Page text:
In the introduction to this series, the characteristics of a free market according to classic economic theory under a capitalist economy were summarized briefly.
• A free market has a sufficient number of competitors, such that a single seller (or small group of colluding competitors) is unable to control the market price of the product or service.
• Businesses compete for customers with other providers of similar products using price, quality, product features, convenience or features to differentiate their product and attract buyers.
• Buyers have enough information about the different products available (price, quality, unique features) to make an informed decision about what best suits their needs and are free to not buy at all.
Before we examine the number of competitors in any given healthcare market in the United States, it is important to note that the American healthcare industry is made up of many markets. Prior to the last half of the 20th century, healthcare providers were mostly independent operators that included local hospitals, physicians and other small to medium sized businesses serving the needs of their community and healthcare services were most often paid for directly by patients.
After World War II, American healthcare delivery and payment systems changed significantly. Recall that the Roosevelt administration froze private sector wages for the duration of the conflict. Unable to increase pay, employers had to find other ways to attract and retain workers. This is when employer-provided benefits, including health insurance, became an important component of worker pay. Tax policies were enacted that encouraged this trend and today, no discussion of the healthcare industry is complete without recognizing that our healthcare industry is made up of at least three distinctly different markets.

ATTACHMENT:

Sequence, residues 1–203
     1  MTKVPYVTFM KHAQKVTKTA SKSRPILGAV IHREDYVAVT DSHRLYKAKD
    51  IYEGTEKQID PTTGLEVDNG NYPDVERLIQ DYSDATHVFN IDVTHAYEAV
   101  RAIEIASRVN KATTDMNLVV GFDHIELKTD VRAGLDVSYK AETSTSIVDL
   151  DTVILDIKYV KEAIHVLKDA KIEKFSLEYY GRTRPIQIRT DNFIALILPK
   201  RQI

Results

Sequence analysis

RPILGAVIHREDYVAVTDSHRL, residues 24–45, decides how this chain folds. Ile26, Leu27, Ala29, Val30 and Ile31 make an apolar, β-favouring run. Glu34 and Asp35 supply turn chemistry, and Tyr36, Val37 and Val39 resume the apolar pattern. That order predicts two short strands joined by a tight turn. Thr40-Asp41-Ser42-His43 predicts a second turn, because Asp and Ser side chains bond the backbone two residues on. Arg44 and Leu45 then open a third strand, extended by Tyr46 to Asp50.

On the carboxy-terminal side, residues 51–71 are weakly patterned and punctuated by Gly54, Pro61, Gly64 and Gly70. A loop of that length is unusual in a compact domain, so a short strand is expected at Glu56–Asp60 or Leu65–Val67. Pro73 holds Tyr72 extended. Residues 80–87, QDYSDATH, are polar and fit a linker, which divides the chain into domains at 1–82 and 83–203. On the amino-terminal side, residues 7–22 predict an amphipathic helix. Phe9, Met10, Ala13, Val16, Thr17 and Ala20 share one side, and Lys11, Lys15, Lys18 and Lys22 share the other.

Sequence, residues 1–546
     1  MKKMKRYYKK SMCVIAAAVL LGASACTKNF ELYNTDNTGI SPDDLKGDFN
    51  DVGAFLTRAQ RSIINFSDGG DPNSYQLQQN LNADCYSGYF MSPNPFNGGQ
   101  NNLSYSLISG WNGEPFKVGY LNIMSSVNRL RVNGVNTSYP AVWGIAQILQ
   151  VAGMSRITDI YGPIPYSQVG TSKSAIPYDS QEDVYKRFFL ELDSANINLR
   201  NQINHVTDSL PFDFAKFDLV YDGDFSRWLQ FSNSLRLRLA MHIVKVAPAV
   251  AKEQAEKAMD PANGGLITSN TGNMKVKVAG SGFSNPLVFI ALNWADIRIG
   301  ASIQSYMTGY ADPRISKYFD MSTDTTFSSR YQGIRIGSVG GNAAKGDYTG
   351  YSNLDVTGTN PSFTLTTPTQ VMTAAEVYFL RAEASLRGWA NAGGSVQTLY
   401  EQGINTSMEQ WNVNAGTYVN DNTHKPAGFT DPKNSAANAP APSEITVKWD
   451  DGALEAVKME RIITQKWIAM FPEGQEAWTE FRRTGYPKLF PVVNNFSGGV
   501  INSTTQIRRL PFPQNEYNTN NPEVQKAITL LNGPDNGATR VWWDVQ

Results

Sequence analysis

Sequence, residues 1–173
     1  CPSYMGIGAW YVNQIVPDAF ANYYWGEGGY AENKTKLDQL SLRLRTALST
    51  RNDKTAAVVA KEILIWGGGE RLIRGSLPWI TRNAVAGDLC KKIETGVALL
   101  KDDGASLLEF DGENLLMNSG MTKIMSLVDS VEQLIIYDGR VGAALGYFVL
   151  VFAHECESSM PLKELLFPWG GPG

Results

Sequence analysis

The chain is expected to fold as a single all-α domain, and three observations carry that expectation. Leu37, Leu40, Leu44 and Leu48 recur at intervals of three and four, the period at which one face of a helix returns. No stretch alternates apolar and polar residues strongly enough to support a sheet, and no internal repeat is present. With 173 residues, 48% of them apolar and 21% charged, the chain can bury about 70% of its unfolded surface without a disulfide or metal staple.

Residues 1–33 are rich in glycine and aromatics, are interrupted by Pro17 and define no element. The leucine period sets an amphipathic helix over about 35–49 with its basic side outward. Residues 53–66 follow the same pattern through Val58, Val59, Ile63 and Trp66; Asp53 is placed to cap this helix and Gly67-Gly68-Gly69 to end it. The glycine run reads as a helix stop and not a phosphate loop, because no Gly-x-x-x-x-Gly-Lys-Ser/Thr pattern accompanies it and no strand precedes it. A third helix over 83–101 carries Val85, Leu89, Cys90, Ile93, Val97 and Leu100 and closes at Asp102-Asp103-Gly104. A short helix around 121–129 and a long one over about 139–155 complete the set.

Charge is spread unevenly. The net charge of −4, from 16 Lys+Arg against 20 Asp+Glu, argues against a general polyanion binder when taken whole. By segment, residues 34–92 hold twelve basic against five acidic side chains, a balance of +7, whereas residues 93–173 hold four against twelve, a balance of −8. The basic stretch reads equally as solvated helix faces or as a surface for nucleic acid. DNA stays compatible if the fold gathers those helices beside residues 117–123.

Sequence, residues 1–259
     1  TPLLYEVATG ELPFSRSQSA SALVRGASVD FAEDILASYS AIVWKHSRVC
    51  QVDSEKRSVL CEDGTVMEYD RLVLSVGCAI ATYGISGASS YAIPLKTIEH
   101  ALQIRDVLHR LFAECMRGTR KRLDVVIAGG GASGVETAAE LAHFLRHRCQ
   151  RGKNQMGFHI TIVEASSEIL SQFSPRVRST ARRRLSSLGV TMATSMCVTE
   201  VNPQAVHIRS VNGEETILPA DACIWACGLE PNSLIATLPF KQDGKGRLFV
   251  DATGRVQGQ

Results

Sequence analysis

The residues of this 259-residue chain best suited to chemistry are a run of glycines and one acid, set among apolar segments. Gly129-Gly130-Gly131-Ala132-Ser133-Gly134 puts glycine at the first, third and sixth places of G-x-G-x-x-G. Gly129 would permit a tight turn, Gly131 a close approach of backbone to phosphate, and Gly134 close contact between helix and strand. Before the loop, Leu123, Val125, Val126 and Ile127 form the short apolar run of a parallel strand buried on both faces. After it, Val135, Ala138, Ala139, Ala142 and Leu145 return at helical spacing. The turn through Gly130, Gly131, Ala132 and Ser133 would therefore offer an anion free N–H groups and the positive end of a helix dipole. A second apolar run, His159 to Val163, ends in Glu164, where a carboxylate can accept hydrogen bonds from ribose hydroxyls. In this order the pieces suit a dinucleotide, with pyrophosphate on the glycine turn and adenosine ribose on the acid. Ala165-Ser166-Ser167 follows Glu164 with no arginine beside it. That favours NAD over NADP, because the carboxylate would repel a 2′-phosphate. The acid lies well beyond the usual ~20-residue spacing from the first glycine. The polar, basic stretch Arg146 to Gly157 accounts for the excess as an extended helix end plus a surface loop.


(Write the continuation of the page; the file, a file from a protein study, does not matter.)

Healthcare providers still compete for customers/patients. Insurance companies compete to win the insurance contracts that employers use to provide healthcare as an employee benefit. Medical equipment, supplies, pharmaceutical and a host of other for-profit corporations compete for the business of healthcare organizations striving to provide high quality care.
Last year these three huge markets comprised 17% of U.S. Gross Domestic Product and this number is expected to continue to trend upward despite efforts to slow down healthcare cost growth. On a per-capita basis, the United States spends almost twice as much on healthcare compared to other first-world nations with comparable standards of living. At the same, the quality and availability of American healthcare is highly variable.
At the highest level, medical care in the U.S. is state of the art and rivals any other nation in terms of quality, use of technology, advanced therapies and treatment outcomes. On average, however, our country compares poorly to other advanced countries in terms of overall population health, access to care, quality of care and population statistics such as infant mortality and adult life expectancy.
According to a 2007 World Health Organization study comparing the healthcare systems and population health statistics of 190 countries, the U.S. ranked 37th. The US was ranked number one on only one measure used in the composite score ranking and that was on per capita healthcare spending. In a 2014 study commissioned by the Commonwealth Fund, the U.S. ranked last overall in a comparison of the health care systems of 11 advanced economy nations.
The bottom line of this entire line of research is that Americans pay more for healthcare and get less favorable outcomes than the citizens of other industrialized countries. In the next installment of this series, we will consider why this is the case and how market forces in the U.S. influence the health of our population.
David J. Scarborough, Ph.D.
Assistant Professor of Management
School of Business
College of Professional Studies
Western New Mexico University